Mental Health Journaling for Today and Tomorrow

It’s World Mental Health Day! According to the World Health Organization:

World Mental Health Day is observed on 10 October every year, with the overall objective of raising awareness of mental health issues around the world and mobilizing efforts in support of mental health. The Day provides an opportunity for all stakeholders working on mental health issues to talk about their work, and what more needs to be done to make mental health care a reality for people worldwide.

World Health Organization

While I don’t specialize in mental health, I think everyone should consider themselves a stakeholder in their own mental health at the very least. For many of us, knowledge work is an active part of our weekly work routine. And even for those who don’t associate themselves with that, I encourage everyone to consider mental health as one of the many facets of health that we must all invest in (mental, physical, emotional, etc).

During my sabbatical this year, I spent a week exploring the state of my mental health and thinking of all the ways that I do and don’t care for myself enough. I ended up creating a mental health journal (as I affectionately call it) that is filled with space to clear my head, notes to myself for when I feel down, and things to track while we’re all experiencing the pandemic-specific slippage of time.

This little book is something that has come in handy almost every day since I created it. It helps me get out of my own way, and remember what “my way” is, regardless of whether I’m in the midst of an emerging crisis or floating through the unending emotional drain of a global pandemic.

I’m not much for flip throughs (I can’t imagine that anyone cares what I have to say that much), but I’ll share some of the primary components and can follow up with a flip through if folks would find that easier.

What’s In It

I used a Happy Planner notebook, in the mini size. I’ve been using their products for years because of the extensibility and quality, not to mention the disc bound system is very forgiving of errors and changed plans.

I have four sections: Goals, Track, Think, Know

Goals

This section is mostly as expected, with a laundry list of projects to do and habits to hone. It also has some pages with key questions for goal-setting (what would I do if money didn’t matter, what small changes could I make to improve my quality of life, what activities do I dread the most).

I also take time to write down why I have chosen some of my goals, because if I have learned one thing in life it’s that no plans survive contact with reality.

Track

This section, in the time of COVID, is used to track the passage of time and to remind me of the things I do that don’t require being attached to a computer. Not because I can’t figure it out for myself, but because decision fatigue is a real thing. In those moments when you find yourself once again at the end of your crisis response reserves, it’s nice to flip open a page and see that your past self was looking out for you.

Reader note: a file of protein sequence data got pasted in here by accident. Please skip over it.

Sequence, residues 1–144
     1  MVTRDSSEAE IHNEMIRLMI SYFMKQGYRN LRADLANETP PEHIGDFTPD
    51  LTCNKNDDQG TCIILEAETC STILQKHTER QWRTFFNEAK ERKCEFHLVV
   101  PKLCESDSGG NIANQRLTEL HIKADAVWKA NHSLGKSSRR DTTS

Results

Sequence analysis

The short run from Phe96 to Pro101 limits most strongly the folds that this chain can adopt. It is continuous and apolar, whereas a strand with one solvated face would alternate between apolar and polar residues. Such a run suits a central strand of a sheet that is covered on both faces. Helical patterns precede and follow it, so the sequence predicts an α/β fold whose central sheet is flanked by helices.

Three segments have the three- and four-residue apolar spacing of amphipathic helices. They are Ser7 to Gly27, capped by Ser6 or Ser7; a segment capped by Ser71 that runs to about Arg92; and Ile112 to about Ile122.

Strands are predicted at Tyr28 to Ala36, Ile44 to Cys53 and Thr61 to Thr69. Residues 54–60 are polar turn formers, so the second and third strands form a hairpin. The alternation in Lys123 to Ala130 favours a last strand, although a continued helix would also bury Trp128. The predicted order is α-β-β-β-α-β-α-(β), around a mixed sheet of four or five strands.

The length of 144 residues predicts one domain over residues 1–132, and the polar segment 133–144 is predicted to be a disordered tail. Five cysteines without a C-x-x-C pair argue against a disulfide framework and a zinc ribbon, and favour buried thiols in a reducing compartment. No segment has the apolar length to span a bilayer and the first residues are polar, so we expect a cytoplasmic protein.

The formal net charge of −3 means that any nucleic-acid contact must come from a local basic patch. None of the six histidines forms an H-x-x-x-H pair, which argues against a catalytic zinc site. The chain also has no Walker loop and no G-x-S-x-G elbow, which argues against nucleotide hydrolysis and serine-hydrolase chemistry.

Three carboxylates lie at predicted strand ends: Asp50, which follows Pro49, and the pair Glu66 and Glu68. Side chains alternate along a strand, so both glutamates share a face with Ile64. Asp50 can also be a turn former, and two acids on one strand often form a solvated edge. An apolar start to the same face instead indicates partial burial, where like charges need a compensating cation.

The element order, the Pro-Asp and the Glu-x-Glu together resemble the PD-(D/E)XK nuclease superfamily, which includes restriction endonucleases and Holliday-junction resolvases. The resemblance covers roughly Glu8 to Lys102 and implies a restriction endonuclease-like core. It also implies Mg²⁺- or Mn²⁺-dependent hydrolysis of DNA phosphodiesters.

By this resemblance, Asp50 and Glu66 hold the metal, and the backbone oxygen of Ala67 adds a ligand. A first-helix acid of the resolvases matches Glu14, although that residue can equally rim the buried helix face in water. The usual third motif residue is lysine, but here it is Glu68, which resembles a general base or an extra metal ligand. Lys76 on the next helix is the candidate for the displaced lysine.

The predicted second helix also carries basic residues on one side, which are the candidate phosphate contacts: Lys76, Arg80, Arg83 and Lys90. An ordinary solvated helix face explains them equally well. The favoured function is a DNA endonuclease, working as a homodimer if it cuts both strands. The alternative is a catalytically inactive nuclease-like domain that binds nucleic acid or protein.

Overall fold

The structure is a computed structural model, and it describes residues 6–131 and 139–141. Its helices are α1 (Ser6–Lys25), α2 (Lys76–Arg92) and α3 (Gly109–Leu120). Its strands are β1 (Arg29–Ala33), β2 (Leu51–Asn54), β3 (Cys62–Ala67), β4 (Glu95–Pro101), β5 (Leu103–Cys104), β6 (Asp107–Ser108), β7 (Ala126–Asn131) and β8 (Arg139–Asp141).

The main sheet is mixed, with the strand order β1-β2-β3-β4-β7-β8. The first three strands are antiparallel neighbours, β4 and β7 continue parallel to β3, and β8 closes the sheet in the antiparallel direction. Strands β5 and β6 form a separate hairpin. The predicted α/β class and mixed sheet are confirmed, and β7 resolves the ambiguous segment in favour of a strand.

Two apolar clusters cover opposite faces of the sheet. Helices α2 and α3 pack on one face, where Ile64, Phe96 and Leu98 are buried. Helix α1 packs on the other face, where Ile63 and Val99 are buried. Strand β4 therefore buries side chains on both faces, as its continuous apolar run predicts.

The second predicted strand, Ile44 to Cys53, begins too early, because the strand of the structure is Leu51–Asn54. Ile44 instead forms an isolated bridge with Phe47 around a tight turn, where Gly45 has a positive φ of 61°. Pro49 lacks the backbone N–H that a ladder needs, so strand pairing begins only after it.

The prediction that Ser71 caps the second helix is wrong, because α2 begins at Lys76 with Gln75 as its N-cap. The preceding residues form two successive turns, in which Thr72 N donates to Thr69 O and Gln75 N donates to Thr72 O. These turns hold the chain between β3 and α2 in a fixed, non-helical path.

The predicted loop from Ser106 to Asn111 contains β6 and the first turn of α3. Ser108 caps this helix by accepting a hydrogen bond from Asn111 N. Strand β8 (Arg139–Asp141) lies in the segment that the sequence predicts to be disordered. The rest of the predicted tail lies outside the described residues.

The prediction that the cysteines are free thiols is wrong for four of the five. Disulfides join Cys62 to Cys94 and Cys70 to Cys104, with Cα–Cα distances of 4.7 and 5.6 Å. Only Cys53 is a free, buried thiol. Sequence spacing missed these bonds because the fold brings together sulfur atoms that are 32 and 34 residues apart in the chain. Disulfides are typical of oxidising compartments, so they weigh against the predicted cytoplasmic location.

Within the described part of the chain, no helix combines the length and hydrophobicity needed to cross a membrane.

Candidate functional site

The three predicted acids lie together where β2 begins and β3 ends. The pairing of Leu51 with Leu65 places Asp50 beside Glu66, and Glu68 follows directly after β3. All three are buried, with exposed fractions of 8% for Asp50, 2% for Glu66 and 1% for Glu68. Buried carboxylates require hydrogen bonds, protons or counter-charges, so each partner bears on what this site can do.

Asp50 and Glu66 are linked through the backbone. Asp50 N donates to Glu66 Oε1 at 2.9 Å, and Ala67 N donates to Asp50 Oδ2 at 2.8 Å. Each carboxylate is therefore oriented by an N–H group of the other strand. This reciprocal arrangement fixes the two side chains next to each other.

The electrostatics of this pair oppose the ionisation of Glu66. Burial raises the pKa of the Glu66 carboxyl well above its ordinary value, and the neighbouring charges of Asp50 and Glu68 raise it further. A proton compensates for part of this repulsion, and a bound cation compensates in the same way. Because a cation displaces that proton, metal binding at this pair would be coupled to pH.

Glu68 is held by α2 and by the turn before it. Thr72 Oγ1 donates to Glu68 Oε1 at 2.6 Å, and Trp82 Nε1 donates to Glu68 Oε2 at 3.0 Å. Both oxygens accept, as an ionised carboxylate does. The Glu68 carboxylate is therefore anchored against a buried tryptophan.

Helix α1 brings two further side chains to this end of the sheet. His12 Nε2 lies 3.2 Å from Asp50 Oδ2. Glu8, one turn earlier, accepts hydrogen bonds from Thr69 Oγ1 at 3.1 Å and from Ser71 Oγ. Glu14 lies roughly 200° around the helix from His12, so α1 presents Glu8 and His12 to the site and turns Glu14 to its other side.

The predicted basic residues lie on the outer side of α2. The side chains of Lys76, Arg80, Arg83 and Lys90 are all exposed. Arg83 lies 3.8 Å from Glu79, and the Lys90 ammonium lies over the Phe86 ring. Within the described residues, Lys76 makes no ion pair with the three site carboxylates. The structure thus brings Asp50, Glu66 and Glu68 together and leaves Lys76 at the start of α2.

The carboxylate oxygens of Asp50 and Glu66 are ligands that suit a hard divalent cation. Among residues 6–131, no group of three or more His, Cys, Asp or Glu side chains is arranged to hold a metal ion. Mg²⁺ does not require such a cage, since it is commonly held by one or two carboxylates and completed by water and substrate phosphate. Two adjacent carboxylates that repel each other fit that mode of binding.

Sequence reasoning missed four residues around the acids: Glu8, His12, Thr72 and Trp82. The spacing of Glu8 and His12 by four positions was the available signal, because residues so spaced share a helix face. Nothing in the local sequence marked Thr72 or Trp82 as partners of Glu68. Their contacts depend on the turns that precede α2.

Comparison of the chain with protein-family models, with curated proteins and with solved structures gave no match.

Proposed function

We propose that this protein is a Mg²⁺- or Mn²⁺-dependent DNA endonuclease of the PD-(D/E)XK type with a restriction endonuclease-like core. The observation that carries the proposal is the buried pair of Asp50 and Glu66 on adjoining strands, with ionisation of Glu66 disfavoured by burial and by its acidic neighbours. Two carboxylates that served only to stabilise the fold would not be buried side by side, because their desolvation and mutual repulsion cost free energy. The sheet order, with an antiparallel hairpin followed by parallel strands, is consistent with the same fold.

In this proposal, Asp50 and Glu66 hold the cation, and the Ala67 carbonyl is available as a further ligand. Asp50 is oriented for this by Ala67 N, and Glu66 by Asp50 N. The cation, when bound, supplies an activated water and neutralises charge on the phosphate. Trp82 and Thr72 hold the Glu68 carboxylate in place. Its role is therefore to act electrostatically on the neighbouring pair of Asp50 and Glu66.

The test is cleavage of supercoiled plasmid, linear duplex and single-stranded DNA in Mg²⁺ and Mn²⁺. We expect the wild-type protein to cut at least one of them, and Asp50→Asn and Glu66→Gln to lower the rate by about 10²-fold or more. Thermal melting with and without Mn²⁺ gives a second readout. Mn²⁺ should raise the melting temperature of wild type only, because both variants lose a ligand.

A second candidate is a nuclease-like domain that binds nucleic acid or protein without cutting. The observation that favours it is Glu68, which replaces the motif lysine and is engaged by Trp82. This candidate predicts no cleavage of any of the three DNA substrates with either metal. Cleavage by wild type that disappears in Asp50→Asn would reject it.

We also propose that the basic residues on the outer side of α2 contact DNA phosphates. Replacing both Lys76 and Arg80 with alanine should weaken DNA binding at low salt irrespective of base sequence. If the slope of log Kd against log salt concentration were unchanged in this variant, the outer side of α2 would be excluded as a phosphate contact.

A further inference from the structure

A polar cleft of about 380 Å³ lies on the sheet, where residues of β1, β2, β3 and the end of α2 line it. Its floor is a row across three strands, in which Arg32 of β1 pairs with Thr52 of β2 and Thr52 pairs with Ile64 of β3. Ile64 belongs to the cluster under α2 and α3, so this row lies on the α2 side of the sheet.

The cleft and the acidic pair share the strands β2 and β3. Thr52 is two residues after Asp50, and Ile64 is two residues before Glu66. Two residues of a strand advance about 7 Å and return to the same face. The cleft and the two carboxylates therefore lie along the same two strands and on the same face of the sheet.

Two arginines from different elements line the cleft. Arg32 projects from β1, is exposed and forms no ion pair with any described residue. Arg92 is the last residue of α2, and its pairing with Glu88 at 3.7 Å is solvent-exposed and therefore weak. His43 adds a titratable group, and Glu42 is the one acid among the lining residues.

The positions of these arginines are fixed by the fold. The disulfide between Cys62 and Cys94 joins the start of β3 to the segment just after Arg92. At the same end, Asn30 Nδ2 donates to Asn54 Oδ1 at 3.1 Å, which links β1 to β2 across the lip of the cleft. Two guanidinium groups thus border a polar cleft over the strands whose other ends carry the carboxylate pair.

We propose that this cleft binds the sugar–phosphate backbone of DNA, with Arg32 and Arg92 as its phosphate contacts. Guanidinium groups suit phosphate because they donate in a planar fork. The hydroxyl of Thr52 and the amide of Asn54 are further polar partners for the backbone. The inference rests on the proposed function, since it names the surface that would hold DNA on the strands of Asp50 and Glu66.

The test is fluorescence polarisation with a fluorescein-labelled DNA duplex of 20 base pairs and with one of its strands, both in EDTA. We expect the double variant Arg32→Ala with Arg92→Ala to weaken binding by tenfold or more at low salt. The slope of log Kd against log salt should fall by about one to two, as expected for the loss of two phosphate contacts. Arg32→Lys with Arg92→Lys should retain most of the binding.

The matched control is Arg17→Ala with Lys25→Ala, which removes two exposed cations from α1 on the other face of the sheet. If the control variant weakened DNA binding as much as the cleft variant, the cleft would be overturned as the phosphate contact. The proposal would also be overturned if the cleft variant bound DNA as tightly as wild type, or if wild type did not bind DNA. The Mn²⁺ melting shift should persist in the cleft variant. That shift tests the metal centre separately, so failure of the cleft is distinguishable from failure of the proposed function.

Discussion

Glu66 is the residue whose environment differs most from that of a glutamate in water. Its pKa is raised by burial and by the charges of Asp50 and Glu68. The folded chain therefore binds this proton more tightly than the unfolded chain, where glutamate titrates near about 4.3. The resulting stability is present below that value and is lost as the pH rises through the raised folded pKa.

For me, this section includes visual layouts of:

  • things I’ve tracked so I can make changes
  • optimal routines for my work week
  • what makes me feel happy or sad
  • the books I’ve read
  • my hobby stretch goals
  • and when I last took time for myself

It also includes two weekly prompts for gratitude and big wins – moments that often go unremarked on right now.

Think

This section is the best and the worst. It’s just blank pages that I’ve doodled some titles onto. The titles are all big, existential questions that I want to explore (so I can write about them here), or small and relentless fears that are hindering my progress through my everyday life. Because I am a happy planner, most of these pages have some supportive and semi-inspirational quotes to go along with them.

But mostly it’s just a non-judgemental place for me to clear my head and admit to what scares me.

Know

And speaking of blind panic.

This section is my favorite. It has one sheet that logs important dates in my career (and a new page that charts my path) and the rest is just illustrations and doodles of things I have come to believe as a leader.

It has quotes that I say to my team leads all the time. It has my main recommendations about how to stay resilient. It has a tree of questions for when I’m worried. And page after page of guiding thoughts for when I feel the most at sea.

I add to these pages, and refer to them for self-guidance, almost daily. It is clear to me, now more than ever, that I know who I am and what my purpose in life is. It is my sincerest hope that what I reflect into the world matches.

What’s In You

I know that pen and paper isn’t for everyone, so I make the following recommendations lightly.

I think that some of what we will lose the most in future retellings of this time period is how fiercely human this reality made many of us. We will lose our handwritten notes, we will lose how we tried to improve our circumstances, and we will lose how we tried to help each other.

I will always write here, on this site, as I have for a decade. But I think there’s something to be said for the slow, tactile experience of creating something physical that can help you now and can capture who you were for the future.

The Courage of Failing Publicly

When I was in high school, I once refused to do something that my friends were doing because I knew I wouldn’t like the outcome. When pressed about how I knew and asked “Have you ever tried?” my response was this:

I don’t have time to learn from only my own mistakes.

I’ve never been particularly fond of the notion that in order to know what will and won’t happen one has to personally do all the dirty work of learning.

Knowing this about me, it’s less surprising to hear that I’ve spent a lot of time lately encouraging those around me to “fail publicly”. It’s not an easy call to make, of course. No one likes being wrong, let alone being wrong where everyone can see you. The idea behind it is this: if something doesn’t go as planned, and others can see it, then they can help find a stronger solution.

But there are two chances for discomfort here that I rarely, if ever, acknowledge. Boldly doing something in front of people while knowing that it could go badly is a clear risk. It doesn’t matter what that something is, public imperfection is terrifying. The other discomfort comes after that, though.

Failing publicly has no benefit to us, although it still might to others, if we are not able to learn from it. Growth is never something that comes easy and, if we aren’t open to the idea that something needs to be fixed, personal growth can be stopped in its tracks entirely.